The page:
I’m a passive Facebook user, one group I follow is for Weber BBQ enthusiasts. Most group members are based in the US and one thing that surprises me is how popular a Winter BBQ is there, frequently there are posts of smoking BBQs surrounded by snow. Just in case it’s something you are considering to cook your Christmas Turkey, here are some tips to help you.
With both gas and charcoal, you will burn more fuel, so make sure you are well stocked up.
If your gas barbecue uses Butane, you may have an issue if it’s very cold, the liquid butane may not boil to gas. Propane is better a option in Winter but you will need a different regulator. It’s best to check with your manufacturer.
Charcoal will of course work at any temperature. If you are cooking a large bird or joint, you will need to add more charcoal while it cooks. Monitor the built in thermometer if fitted or buy a digital one with a sensor if not. If you use a Weber Kettle, it’s worth buying a hinged grate so you can add charcoal easily without disturbing the meat.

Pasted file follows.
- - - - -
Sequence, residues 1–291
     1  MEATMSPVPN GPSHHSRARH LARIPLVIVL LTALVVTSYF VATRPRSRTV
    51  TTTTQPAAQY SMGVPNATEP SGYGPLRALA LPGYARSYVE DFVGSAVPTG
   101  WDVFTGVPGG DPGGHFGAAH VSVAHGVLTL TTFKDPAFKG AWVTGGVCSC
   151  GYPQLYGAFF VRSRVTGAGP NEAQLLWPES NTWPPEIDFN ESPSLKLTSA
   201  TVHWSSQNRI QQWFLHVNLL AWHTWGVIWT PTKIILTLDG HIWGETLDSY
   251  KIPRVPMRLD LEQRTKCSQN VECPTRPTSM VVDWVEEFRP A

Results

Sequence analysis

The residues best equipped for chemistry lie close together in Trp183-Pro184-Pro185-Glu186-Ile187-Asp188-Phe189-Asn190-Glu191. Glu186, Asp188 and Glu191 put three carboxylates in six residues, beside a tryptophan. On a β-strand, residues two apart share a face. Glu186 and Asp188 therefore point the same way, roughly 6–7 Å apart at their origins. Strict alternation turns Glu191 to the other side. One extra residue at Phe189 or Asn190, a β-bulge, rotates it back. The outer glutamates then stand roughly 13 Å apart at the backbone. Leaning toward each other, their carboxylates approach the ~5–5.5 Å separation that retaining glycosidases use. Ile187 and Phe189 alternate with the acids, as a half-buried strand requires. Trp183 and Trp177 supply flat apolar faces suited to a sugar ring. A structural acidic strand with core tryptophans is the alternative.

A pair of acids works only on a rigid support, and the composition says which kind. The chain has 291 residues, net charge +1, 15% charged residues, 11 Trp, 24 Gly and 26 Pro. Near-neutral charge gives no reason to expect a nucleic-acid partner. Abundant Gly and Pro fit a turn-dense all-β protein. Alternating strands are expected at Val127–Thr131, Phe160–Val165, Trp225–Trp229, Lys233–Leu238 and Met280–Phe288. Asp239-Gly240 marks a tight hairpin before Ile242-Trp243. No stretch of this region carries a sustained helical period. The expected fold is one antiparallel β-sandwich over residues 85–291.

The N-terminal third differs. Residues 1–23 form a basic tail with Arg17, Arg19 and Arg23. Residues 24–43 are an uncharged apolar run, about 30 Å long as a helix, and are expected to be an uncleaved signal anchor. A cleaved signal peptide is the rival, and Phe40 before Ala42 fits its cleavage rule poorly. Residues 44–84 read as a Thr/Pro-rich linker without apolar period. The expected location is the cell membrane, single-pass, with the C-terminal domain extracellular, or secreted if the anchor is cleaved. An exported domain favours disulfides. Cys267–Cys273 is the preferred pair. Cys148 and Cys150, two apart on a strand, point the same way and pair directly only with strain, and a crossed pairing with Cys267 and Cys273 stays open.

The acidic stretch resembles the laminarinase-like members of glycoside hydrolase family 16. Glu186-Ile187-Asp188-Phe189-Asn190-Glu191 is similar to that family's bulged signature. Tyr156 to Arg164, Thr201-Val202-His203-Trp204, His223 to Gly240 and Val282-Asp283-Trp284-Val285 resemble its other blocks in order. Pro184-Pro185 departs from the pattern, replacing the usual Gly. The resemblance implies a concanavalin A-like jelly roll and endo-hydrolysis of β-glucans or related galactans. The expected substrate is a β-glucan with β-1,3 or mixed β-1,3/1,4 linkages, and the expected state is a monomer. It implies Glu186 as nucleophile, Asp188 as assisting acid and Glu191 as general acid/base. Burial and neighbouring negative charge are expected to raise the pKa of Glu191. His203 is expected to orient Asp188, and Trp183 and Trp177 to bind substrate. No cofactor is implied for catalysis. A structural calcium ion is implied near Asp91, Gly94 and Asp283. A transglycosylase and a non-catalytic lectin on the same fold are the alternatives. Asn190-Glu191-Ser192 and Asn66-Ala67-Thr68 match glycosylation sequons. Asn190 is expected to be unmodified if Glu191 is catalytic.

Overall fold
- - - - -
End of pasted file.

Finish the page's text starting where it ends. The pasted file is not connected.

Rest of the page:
It will take longer for the grill to reach temperature, allow for this in your timing, again a thermometer is very useful.
It’s unlikely you will hang around outside with a Gin and Tonic for long, position the BBQ as convenient to the house as possible. Not too close though so it is fire hazard and beware of slippery paths and steps, it would be a shame to trip and spread your differ over the ground!
If you are real enthusiast there are fire resistant barbecue gazebos available to keep you dry if it raining or snowing.
Only consider doing a Winter Barbecue if you have a lid. Open it as little as possible as heat is rapidly lost.
For a Christmas lunch you are likely to be cooking more, and possibly a larger joint, this and the colder ambient temperature will all lead to longer cooking times. On a Weber Kettle keep all vents fully open. Monitor the thermometer if fitted and maintain the temperature. If it falls and you cannot raise it, then go for plan B, use the Kitchen oven. Don’t risk serving anything undercooked. At least you tried and hopefully it’s cooked enough for the barbecue to have imparted the smoked flavour.
Food will cool quickly once removed, so be prepared. Pre-warm serving dishes, ideally choosing ones with lids. Work quickly to remove cooked food from the BBQ and place in the dishes pop on the lids and take inside, assuming of course you don’t plan to eat out in the snow.
Enjoy your meal!
(An admission, the picture above does show our Christmas Turkey being cooked but it was taken in a warm South African garden, not in the cold UK!)
Possibly something to leave for the Spring!